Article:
INTERNATIONAL environmental treaties like the World Heritage Convention and the Convention on Biological Diversity show that the concept of national sovereignty must be tempered by the recognition of an interest of the international community in the conservation of resources found in different jurisdictions. The fact that states voluntarily accept limitations on their sovereignty by agreeing to international obligations to conserve some of their natural resources provide a basis upon which bilateral agreements on border area management may be developed.
With the emergence of the new thought on national sovereignty, transboundary protected area (TBPA) management came into fore. Referred to here are transborder parks, transnational parks, transfrontier reserves, friendship parks — meaning, protected areas that meet across international borders.
The Association of Southeast Asian Nations (Asean) is not wanting in transboundary protected areas. Among them:
Turtle Islands Heritage Area (Philippines and Malaysia) – In 1996, Malaysia and the Philippines entered into a memorandum of agreement for the establishment of the Turtle Islands Heritage Protected Area consisting of six islands designated by the Philippines and three islands designated by Malaysia, which are habitats of the endangered green and hawksbill turtles. The agreement calls for an integrated management program which highlights, at the minimum, the following: (i) implementation of a uniform approach to conservation that is oriented towards wise management of the protected areas; (ii) establishment of a centralized marine turtles database; (iii) development of information awareness programs for the inhabitants of the islands; (iv) implementation of a staff training program; and (iv) development of ecotourism projects. A joint management committee may recommend to their respective governments the enactment of such laws as may be necessary to attain the objectives of the agreement.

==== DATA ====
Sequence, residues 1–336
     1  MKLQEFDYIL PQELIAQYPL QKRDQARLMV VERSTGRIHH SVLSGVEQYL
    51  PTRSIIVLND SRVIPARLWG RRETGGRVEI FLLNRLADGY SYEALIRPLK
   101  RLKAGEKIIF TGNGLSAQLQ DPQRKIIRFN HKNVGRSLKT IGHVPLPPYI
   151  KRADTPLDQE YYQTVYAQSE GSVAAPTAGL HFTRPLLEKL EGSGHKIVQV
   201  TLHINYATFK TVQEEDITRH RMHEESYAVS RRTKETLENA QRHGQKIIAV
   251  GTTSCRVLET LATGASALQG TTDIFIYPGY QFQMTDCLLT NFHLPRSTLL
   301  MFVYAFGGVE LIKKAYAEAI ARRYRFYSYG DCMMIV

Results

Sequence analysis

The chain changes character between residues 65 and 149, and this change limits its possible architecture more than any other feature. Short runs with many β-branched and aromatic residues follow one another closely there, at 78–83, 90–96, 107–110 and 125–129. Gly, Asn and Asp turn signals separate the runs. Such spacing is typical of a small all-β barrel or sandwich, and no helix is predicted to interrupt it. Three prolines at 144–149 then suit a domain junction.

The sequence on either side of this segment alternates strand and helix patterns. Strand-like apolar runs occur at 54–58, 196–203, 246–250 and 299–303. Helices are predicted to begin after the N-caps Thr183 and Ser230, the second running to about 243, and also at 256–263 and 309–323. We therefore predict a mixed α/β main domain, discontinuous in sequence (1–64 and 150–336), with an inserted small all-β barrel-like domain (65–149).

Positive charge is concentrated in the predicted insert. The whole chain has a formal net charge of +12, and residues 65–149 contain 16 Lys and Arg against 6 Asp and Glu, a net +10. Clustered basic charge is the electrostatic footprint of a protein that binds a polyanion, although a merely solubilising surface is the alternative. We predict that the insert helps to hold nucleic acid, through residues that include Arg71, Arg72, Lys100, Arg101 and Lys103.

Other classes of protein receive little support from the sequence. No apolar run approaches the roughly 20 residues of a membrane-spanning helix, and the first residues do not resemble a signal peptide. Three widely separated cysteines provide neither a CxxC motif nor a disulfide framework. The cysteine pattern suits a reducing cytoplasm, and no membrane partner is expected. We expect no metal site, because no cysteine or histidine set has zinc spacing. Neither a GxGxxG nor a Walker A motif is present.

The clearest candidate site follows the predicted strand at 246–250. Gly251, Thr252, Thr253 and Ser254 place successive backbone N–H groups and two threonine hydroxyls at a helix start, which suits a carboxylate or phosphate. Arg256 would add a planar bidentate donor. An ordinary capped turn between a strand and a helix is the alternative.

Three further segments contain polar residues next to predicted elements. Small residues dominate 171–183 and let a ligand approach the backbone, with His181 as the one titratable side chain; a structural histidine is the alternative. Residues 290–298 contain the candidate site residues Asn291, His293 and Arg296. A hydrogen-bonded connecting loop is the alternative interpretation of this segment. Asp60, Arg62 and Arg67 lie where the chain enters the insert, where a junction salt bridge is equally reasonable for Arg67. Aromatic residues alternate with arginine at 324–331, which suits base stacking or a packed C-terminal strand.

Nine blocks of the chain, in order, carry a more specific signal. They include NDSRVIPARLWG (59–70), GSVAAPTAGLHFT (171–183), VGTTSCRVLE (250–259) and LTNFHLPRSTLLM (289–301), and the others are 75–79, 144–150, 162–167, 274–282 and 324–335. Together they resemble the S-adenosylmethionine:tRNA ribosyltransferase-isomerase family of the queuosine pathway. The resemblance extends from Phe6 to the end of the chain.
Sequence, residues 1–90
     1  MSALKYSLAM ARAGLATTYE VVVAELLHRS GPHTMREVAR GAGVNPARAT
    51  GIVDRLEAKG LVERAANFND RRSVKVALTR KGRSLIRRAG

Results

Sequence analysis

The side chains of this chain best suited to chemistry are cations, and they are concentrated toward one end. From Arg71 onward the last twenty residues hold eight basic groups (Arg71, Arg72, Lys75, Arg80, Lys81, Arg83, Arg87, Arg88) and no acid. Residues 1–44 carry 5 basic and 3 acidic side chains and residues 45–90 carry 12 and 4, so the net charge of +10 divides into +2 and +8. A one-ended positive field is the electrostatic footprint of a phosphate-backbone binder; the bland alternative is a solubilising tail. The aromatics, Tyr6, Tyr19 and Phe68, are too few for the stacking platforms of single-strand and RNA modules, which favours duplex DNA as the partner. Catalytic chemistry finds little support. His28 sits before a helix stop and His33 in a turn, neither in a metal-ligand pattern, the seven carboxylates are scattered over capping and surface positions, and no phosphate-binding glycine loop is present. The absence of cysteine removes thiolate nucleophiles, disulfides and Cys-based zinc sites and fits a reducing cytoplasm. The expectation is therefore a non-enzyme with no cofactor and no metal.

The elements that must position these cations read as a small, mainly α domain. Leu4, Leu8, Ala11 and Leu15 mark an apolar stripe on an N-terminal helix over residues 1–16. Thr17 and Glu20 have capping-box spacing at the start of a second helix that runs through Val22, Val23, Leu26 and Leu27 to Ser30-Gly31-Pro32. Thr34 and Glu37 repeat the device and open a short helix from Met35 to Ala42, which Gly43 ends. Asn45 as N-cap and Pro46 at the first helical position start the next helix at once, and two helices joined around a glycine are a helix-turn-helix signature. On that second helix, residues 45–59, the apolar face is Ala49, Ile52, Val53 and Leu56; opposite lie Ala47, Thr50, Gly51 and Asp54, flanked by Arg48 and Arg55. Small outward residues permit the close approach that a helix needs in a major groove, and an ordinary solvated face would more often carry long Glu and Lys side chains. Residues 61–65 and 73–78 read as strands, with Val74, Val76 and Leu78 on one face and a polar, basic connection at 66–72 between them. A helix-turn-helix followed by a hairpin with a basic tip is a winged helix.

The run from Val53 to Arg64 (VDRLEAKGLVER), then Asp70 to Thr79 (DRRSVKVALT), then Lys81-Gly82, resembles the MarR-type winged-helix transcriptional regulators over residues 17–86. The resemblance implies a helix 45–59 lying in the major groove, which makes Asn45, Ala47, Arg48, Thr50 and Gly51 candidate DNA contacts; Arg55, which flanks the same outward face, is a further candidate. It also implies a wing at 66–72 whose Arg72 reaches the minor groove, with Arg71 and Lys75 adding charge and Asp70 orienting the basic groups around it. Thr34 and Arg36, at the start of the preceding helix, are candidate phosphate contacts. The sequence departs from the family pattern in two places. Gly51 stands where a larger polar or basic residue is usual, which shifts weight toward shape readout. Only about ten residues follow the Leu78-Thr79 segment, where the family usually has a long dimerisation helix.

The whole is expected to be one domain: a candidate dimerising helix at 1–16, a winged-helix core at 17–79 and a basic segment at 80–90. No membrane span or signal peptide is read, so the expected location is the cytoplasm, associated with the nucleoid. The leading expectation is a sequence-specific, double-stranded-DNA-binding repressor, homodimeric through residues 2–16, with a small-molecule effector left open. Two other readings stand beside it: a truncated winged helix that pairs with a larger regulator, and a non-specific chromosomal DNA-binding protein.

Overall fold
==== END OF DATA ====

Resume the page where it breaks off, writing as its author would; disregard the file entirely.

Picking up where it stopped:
Heart of Borneo (HoB) Initiative (Indonesia, Malaysia, Brunei Darussalam) – While most of Borneo (the world’s third largest island) is Indonesian territory (Kalimantan), the rest is covered by Malaysia’s Sarawak and Sabah. Brunei Darussalam is also located in the island.
Right in the middle of Borneo is vast forested land where the headwaters of major rivers are located. The expanse is known as Heart of Borneo. Super rich in biodiversity, many indigenous tribes live in the area, each having a unique culture and language.
In 2007, the three countries agreed to establish a network of protected areas and sustainably managed forests. Resource assessments, science expeditions, community development and other related activities are continuously undertaken to enhance the management and conservation efforts within the HoB.
Sulu Sulawesi Marine Eco-region (Malaysia, Indonesia, the Philippines) – An area of about 900,000 square kilometers of marine resources, the area is beset by piracy and illegal fishing. Be that as it may, conservation initiatives in the eco-region is being undertaken by NGOs led by WWF and Conservation International. A network of marine protected areas was established accompanied by law enforcement support in priority conservation areas.
A 2009 report indicated expansion of the total “no take” zone in three corridors of the seascape.